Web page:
Readers Note: This story is a departure for me. I normally write things in the moment; memories, fantasies, real life events. All chronicling my thoughts and experiences as Mr Perfect, obsessive asshole, but I’ve always wanted to write about my dad. Since my preferred style is short and succinct, I’ve struggled to make this piece fit that voice, because in reality, it spans a lifetime. So as you would expect it became too long.
Rethinking my original story I’ve cut it into manageable pieces like a long wandering kudzu vine. Anyone who has lived in the south knows that each piece of the kudzu can stand alone, and so it is with these stories.
Part 2: Made in Japan
I was born in Japan, just outside Tokyo. I always like to say that I was made in Japan, today you think of things made in Japan as quality, but when I was little in the 60’s, stuff that was made in post-war Japan was considered dime store quality at best, it was a euphemism for crap. By saying I was made in Japan, depending on your temporal perspective, I was either quality or just cheap shit. I liked the dichotomy, since I was at the tail-end of the post war period, that was pretty accurate, and it could go either way. Still could.
But this is not a story about me, but my dad.
In those days if you were in the military under the rank of E3 you had to stay in the barracks, you were not paid an extra allowance for living off base, and you couldn’t stay in married quarters, even if you were. So when my mom arrived in Tokyo, hugely pregnant with my older brother, they lived “out on the economy,” as they said back then, amongst the Japanese.
My mom later told me those were the best years of her life, she felt warmly welcomed by the locals, odd since we had dropped “The Bomb” ushering them, and the rest of the world into the nuclear era just ten years earlier.
Japan was pretty cheap when you had American dollars to spend, so it was not like living stateside, but Airman pay still didn’t go very far when you had a wife and a kid on the way, so dad supplemented his pay by selling american cigs and whiskey on the black market.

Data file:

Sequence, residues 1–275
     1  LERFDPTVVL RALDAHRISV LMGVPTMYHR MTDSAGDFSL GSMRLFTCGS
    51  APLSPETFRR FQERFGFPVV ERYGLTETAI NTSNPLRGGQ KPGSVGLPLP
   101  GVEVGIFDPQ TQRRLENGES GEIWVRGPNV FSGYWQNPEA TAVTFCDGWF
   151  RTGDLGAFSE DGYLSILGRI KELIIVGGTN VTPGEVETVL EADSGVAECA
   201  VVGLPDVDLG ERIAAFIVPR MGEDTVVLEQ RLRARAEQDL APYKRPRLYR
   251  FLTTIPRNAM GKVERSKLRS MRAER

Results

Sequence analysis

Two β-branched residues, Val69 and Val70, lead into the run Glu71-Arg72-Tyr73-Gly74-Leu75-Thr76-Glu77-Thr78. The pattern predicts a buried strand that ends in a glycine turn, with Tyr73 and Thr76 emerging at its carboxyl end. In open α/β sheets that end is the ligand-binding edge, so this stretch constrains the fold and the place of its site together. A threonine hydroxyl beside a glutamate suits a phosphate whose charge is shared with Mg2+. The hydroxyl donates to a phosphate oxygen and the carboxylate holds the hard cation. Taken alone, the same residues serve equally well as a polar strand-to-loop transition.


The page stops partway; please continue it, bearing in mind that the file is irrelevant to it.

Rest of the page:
They lived in what we would call today a quad. Four small homes that shared a central courtyard. Their house was two rooms and the interior walls were made of paper screens. The only heat was a charcoal hibachi stove that also was the place where mom cooked. In winter, the dog’s water dish would freeze overnight. The bathroom was shared by all four houses.
I imagine my dad, a happy go lucky, rebel without a cause. A James Dean like character, leather jacket and all. Out on the street corner in the seedy side of Tokyo saying “pssst, want some cigs? Booze?” And Japanese business men coming up to him and pass him a million yen for a fifth of Johnny Walker.
To hear my mom tell of it he was gone drinking and gambling most nights and when my older brother was born he was out drunk, with his pals.
I remember that is when my dad earned the wings, the ones that I never heard the story behind, but I can suppose, because he called them “red wings”
I also remember a story of how they used to work for hours on hot-rodding the tugs, those vehicles you see pull planes and baggage cars, then blowing a whole months pay drag racing them on the runway. Maybe doubling your pay if you won.
All of that aside, I know that when he held my older brother in his arms, naming him after himself, that something changed in that moment. Gone was the boy I never knew, standing there transfigured was the dad I did.
I know from my own experience that change, I too felt it when I held my first born, also a son. Like a switch thrown, instantly you are no longer a boy.
©The Autobiography of Mr. Perfect, 2013, written entirely on my iPhone.